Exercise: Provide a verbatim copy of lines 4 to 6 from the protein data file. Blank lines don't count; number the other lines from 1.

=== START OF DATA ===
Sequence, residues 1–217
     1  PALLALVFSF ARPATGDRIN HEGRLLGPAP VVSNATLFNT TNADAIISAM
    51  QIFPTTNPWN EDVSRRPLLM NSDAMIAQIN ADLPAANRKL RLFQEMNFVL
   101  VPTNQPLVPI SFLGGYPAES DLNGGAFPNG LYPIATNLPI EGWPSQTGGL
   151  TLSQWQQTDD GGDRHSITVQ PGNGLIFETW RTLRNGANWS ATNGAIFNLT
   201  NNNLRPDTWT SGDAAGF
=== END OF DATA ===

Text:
   101  VPTNQPLVPI SFLGGYPAES DLNGGAFPNG LYPIATNLPI EGWPSQTGGL
   151  TLSQWQQTDD GGDRHSITVQ PGNGLIFETW RTLRNGANWS ATNGAIFNLT
   201  NNNLRPDTWT SGDAAGF